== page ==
In a book excerpt posted on The Daily Beast, Miles wrote that most of the faults in New York fall into two groups: those running northeast and those running northwest. These faults, combined, create a “brittle grid” underlying Manhattan which could load up a massive quake.
Geologist Charles Merguerian has been studying these faults for the last 40 years to assess their seismicity. He then mapped all of them into an understandable map in 150 days, providing the first definitive proof of just how many faults really lie below the city’s surface.
Merguerian primarily looked for what geologists call “offsets.” These are places where the types of rock do not line up with one another. These irregularities show signs of movement over time, a clear evidence of a fault. And he has found thousands of them underneath New York City.
While there have been small quakes in New York, including a magnitude 2.6 that struck in October 2001, records show that the last time a major quake with a magnitude 5.0 shook the city happened in August 1884 and a relatively massive one in 1737. As we look at these records, the large quakes happened every century or about 150 years. Merguerian says that the city is overdue for another one; however, there is no exact date of when this destructive shake will happen.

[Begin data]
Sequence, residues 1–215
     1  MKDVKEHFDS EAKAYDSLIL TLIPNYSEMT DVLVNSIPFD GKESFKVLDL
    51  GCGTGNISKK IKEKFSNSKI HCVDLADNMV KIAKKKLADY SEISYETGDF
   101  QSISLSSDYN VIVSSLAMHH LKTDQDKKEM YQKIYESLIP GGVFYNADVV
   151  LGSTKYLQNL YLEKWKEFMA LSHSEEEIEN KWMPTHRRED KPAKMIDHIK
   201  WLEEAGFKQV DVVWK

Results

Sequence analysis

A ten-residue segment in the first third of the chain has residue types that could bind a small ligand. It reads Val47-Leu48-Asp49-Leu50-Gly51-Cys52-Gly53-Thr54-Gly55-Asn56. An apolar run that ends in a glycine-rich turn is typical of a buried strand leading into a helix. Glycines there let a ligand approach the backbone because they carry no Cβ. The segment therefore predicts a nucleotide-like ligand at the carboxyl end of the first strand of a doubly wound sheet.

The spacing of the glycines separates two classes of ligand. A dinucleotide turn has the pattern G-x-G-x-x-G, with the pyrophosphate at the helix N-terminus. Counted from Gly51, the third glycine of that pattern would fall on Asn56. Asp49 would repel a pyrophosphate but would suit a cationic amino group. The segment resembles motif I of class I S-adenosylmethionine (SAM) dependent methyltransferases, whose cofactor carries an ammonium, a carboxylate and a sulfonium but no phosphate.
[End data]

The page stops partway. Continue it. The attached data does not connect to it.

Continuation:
“An earthquake could happen any day, or it couldn’t happen for 100 years, and you just don’t know, there’s no way to predict,” Merguerian told the Daily Mail.
In response to the question of how overdue the Big Apple is, Merguerian advises us to “take the pulse of what’s gone on in recorded history.”
There is no way to predict when it may happen, unless we would have about ten times as much data as we do today. However, his records show that the faults underneath New York are very much alive.
According to a report by the U.S. Geological Survey (USGS), 42 out of the 50 states have a reasonable chance of experiencing a damaging earthquake in the next 50 years.
The USGS report also explained that the east coast has the potential for larger and more damaging earthquakes than previously thought. The report explained that the maps in New York City indicate a “slightly lower hazard for tall buildings than previously thought (but still a hazard nonetheless).” Scientists also estimated a lower likelihood for slow shaking from an earthquake near the city.
“Slow shaking is likely to cause more damage to tall structures in contrast, compared to fast shaking which is more likely to impact shorter structures,” the USGS report continued.
Until today, there is not enough information gathered regarding the seismic activity in the region, and this alarms experts.
“We just have no consciousness towards earthquakes in the eastern United States,” says Merguerian. “And that’s a big mistake.”